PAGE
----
General Motors Plans to Phase Out Gas-Powered Vehicles by 2035

The automaker said it will enact a sweeping plan to shift production away from internal combustion engines in favor of a modern battery platform that will power everything from mass-market to high-performance vehicles.

A GMC truck sits in a General Motors dealer’s lot in Nashville, Tenn., in 2017. (AP Photo/Mark Humphrey)

(CN) — General Motors, the fourth largest automaker in the world, announced a progressive plan Thursday to become a carbon neutral company by 2040, aiming to cut off sales of most new gas-powered vehicles by 2035.  

“General Motors is joining governments and companies around the globe working to establish a safer, greener and better world,” GM Chair and CEO Mary Barra said in a statement. “We encourage others to follow suit and make a significant impact on our industry and on the economy as a whole.”

The automaker said it has signed on to the so-called Business Ambition for 1.5⁰C, a coalition of companies committed to addressing climate change.

The pledge seeks to inspire industrial companies to stem some of the worst climate impacts and avoid irreversible damage by keeping temperature rises to 1.5 degrees Celsius above pre-industrial levels. That requires halving greenhouse gas emissions by 2030 and hitting net-zero emissions by 2050.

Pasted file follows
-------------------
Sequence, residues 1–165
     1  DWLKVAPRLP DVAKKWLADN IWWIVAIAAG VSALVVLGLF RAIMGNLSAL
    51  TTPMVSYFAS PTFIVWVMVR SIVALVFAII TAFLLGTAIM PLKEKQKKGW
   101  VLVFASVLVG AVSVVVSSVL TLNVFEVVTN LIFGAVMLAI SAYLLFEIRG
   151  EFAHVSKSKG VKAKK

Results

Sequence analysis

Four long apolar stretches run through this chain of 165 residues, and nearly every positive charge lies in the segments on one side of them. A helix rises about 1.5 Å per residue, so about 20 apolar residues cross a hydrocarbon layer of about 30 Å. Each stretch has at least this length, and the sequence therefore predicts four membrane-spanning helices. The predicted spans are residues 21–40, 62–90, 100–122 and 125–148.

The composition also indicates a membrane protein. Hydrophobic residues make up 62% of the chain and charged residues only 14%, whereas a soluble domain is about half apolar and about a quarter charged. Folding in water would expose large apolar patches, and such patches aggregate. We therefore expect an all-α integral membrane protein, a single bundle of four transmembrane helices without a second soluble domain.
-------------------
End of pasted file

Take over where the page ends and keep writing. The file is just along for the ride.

More than 390 companies have agreed to the commitment, including Ford Motor Company and global automotive component supplier Faurecia.

GM also announced it partnered with one of the world’s leading environmental organizations, the Environmental Defense Fund, to help evolve the idea of the electric vehicle and strive to eliminate tailpipe emissions from new light-duty vehicles by 2035.

The EDF was established in 1967 in Long Island, New York. Its breakthrough court victory based on scientific research in 1972 helped enable a national ban on the sale and use of the pesticide DDT.

“With this extraordinary step forward, GM is making it crystal clear that taking action to eliminate pollution from all new light-duty vehicles by 2035 is an essential element of any automaker’s business plan,” said EDF President Fred Krupp. “EDF and GM have had some important differences in the past, but this is a new day in America — one where serious collaboration to achieve transportation electrification, science-based climate progress and equitably shared economic opportunity can move our nation forward.”